Close look on adenoiditis

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Adenoiditis involves inflammation of the adenoids due to an infection. The adenoids are described as masses of lymphatic tissues that fight off infection. They are found in the throat, right behind the nose. Together with the tonsils, the adenoids are the initial line of defense against viruses and bacteria.

The adenoids are part of the lymphatic system which has a number of roles in protecting against infection. The adenoids store the antibodies and white blood cells to destroy potential infections. Once the adenoids are swollen, they could not function properly.

What are the indications?

Adenoiditis can start out as inflammation or enlargement of the adenoids. This swelling can obstruct or limit the airways. It can also make it hard to breathe via the nose. Other issues linked with swollen adenoids include the following:

  • Dry or sore throat from breathing via the mouth
  • Sounding nasally while speaking
  • Breathing via the mouth becomes comfortable than via the nose
  • Indications of infection such as a runny nose that triggers the production of green or stained mucus
  • Snoring at night time or any time the individual sleeps

In case the adenoids are swollen, the individual might only breathe via the mouth.

What are the causes?

Indications of infection such as a runny nose that triggers the production of green or stained mucus

It is important to note that adenoiditis can be triggered by a bacterial infection particularly the bacteria Streptococcus. It can be triggered by various viruses including adenovirus, Epstein-Barr virus and rhinovirus.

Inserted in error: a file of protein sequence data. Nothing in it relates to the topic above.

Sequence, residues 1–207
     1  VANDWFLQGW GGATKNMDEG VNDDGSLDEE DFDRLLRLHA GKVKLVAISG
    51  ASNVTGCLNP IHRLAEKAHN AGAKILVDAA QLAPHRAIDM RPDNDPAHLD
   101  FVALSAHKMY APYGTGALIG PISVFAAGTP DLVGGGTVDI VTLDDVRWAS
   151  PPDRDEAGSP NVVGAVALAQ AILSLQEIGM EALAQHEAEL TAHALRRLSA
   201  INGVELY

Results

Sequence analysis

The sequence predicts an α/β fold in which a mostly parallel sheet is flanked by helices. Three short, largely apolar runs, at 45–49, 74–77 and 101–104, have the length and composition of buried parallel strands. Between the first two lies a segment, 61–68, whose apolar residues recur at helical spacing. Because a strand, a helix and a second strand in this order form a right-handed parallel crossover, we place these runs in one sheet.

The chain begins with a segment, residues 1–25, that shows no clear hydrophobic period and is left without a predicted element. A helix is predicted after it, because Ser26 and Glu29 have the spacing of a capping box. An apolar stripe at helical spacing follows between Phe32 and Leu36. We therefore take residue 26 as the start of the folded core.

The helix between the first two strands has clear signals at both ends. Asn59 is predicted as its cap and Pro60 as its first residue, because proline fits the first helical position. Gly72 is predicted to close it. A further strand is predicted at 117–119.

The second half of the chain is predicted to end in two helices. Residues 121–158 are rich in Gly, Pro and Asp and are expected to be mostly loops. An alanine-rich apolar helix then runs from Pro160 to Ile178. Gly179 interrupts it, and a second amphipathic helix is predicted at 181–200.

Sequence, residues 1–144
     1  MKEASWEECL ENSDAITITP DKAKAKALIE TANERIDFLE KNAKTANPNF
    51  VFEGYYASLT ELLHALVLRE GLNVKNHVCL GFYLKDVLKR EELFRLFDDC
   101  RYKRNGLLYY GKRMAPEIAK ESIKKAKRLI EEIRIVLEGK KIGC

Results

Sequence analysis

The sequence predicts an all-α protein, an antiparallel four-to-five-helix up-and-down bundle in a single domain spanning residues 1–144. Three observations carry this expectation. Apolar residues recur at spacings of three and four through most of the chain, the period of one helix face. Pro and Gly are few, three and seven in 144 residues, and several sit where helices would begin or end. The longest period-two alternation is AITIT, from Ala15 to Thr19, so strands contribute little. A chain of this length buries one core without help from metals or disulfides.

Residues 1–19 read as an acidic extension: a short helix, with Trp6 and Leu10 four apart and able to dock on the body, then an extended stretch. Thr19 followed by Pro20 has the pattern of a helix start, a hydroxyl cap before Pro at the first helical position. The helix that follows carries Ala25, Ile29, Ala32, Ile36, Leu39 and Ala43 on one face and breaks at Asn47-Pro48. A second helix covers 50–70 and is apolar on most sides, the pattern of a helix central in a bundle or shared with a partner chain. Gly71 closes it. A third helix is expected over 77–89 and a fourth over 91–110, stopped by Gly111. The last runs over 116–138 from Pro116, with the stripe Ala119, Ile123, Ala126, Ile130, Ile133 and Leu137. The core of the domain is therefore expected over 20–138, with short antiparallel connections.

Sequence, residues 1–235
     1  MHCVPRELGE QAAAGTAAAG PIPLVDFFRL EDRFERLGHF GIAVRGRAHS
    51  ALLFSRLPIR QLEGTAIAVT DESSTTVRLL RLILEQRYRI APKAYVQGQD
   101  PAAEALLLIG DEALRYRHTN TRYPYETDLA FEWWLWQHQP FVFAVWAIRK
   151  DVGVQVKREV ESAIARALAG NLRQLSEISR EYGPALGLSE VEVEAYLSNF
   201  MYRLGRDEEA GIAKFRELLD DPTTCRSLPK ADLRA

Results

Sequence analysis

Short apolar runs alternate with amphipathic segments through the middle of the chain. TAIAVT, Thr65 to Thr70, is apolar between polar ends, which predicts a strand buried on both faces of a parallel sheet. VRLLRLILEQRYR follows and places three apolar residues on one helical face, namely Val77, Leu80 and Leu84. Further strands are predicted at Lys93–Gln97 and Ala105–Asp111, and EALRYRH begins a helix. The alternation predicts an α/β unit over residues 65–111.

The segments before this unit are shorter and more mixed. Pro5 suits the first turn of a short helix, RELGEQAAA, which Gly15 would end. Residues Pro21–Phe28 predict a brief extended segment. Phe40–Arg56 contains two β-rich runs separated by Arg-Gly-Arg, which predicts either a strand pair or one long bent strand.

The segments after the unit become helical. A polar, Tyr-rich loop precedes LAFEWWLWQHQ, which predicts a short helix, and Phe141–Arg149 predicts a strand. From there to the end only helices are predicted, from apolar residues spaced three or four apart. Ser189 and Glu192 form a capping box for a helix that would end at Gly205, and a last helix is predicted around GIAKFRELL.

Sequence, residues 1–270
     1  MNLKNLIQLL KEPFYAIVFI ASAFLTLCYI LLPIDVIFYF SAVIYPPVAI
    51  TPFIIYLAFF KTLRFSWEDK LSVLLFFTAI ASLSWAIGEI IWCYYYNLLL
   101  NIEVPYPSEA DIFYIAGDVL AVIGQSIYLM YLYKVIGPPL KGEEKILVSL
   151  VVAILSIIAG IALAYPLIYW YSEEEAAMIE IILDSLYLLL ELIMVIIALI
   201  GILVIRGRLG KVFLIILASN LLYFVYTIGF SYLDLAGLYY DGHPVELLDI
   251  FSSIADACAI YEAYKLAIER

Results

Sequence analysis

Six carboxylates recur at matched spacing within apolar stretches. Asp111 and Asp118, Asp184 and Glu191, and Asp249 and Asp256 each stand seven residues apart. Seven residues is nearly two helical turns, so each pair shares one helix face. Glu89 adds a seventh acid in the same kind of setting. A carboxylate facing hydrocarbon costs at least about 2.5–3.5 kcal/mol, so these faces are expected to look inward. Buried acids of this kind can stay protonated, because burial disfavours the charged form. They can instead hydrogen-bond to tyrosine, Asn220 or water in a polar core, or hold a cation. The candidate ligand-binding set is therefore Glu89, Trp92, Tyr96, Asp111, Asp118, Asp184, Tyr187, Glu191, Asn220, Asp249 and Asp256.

Risk factors for adenoiditis

There are certain risk factors that can make an individual susceptible to infections of the adenoid tissues such as the following:

  • Infections of the tonsils
  • Recurrent infections in the neck, throat or head
  • Contact with airborne viruses, bacteria and germs

Take note that children are more prone to adenoiditis since the adenoids gradually shrink through childhood. By the time the late teen years are reached, the adenoids are usually gone.


In case bacteria is responsible for the condition, the doctor might prescribe antibiotics. Antibiotics are usually successful in managing the inflamed adenoidal tissue. In case a virus is responsible for adenoiditis, the doctor will start a specific treatment plan.

Surgical intervention to remove the adenoids might also be an option which is called adenoidectomy. This is usually the approach recommended if the adenoids do not improve with antibiotics, have recurrent infections, cause breathing and swallowing difficulties and accompanied by an underlying health issue such as tumor of the neck and throat as well as cancer.

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